MICHELE NORRIS, host:
Official results in Mexico's presidential vote are due today. And with nearly all the votes counted, conservative candidate Felipe Calderon has a thin but insurmountable lead. Calderon has declared victory. His rival leftist Andres Manuel Lopez Obrador is contesting the results and has called for a protest rally on Saturday. NPR's Lourdes Garcia-Navarro reports.
LOURDES GARCIA-NAVARRO reporting:
When it became clear at dawn, that Felipe Calderon had overtaken Andres Manuel Lopez Obrador in the official count, the conservative candidate all but declared himself the winner in a press conference at his party headquarters.
FELIPE CALDERON:(Mexico Presidential Candidate)(Through Translation): From today Mexico must unite in a new era of peace. A new era of reconciliation, if this is confirmed, all you Mexicans will be my bosses.
GARCIA-NAVARRO: But later this morning across town Lopez Obrador responded to what seemed his certain defeat by saying, he would use all legal options to contest the result, by going to supreme court-style tribunal.
ANDRES MANUEL LOPEZ OBRADOR (Mexico Presidential Candidate)(Through Translation): We will take this to the Tribunal with the demand that all the votes be counted, because we cannot accept these results. There are many irregularities.
GARCIA-NAVARRO: Lopez Obrador is demanding a recount of every ballot cast. The head of IFE or the Electoral Institute that oversaw the vote, says that he cannot order a full recount under the law. But, says Mexican political analyst, Denise Dresser.
Ms. DENISE DRESSER (Mexican Political Analyst): The Federal Tribunal can do basically whatever it wants. The Federal Electoral Institute didn't have the capacity to call for a recount. But the ball is out of their court now, it goes to the tribunal, which in Mexico, was set up precisely to be the final voice in cases of contested elections.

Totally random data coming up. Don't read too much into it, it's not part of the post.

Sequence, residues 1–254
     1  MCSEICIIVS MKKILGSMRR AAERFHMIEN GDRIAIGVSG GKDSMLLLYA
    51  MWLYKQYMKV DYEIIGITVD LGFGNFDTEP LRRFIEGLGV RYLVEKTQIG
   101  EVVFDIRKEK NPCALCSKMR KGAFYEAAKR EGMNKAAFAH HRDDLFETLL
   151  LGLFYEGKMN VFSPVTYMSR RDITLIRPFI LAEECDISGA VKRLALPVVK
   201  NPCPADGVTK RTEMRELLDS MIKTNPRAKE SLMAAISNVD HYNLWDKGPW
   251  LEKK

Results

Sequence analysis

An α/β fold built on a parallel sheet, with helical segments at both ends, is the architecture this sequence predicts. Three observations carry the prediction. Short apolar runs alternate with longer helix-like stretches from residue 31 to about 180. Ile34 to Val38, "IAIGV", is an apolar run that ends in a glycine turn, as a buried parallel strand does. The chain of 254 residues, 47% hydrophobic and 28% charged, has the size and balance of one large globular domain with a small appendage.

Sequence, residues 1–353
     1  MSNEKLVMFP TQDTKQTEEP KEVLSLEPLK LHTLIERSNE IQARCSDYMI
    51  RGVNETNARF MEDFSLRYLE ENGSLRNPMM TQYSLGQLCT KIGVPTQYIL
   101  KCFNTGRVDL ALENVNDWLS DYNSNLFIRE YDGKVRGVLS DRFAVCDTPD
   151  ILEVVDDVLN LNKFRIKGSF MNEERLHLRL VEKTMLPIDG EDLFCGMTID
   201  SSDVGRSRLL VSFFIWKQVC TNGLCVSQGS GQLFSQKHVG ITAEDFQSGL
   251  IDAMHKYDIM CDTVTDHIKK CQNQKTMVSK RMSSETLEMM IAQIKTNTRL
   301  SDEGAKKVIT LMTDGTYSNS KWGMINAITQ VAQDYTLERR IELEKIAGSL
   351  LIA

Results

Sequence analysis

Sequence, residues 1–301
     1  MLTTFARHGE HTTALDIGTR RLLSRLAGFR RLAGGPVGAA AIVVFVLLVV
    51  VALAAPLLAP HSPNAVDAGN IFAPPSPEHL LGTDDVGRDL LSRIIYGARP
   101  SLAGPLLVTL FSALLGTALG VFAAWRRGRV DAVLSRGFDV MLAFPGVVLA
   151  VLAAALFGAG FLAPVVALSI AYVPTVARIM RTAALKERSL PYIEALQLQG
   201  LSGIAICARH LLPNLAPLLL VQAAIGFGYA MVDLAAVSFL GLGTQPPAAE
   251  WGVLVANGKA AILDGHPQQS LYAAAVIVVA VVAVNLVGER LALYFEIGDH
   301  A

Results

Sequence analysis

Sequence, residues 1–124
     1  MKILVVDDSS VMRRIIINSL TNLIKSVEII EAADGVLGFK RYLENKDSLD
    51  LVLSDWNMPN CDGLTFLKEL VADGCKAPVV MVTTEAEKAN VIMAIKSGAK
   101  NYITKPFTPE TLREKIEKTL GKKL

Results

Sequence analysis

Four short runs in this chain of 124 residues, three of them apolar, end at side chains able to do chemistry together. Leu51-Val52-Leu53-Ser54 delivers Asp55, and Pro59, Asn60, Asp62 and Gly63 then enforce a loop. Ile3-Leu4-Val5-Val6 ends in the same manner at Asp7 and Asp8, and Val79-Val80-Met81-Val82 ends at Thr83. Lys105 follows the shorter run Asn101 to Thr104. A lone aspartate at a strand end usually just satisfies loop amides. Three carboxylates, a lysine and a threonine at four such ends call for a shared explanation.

GARCIA-NAVARRO: Lopez Obrador says that there was a flat out fraud. Some International analyst say, there have been enough documented incidents of discrepancies to raise serious questions about the vote. Crucially, IFE, or the Electoral Institute has had it's impartiality questioned. It had been a beacon after years of rigged elections here, but when it released its preliminary figures on Sunday Night, it failed to include millions of votes.
It build those initial results as accounting for 98 percent of the vote. But really only 86 percent were taken into consideration. Mark Wisebot is from the Center for Economic and Policy Research in Washington D.C.
Mr. MARK WISEBOT (Center for Economic and Policy Research, Washington D.C.): There is a lot of false impression to be created at the time, where everyone believed that 98.5 percent of the ballots had been counted and allowed Calderon to claim victory.
GARCIA-NAVARRO: Once the legal challenges are presented, and it seems they will be, Mexico's Election tribunal will have until September 6th to declare a winner. The new President will take office on December 1st.
Lourdes Garcia-Navarro, NPR News, Mexico City.
NORRIS: And official results in Mexico's election were just announced, Felipe Calderon has won, by just six tenths of a percent.
SIEGEL: There is more on the Mexican election at our website. You're listening to ALL THINGS CONSIDERED, from NPR News.
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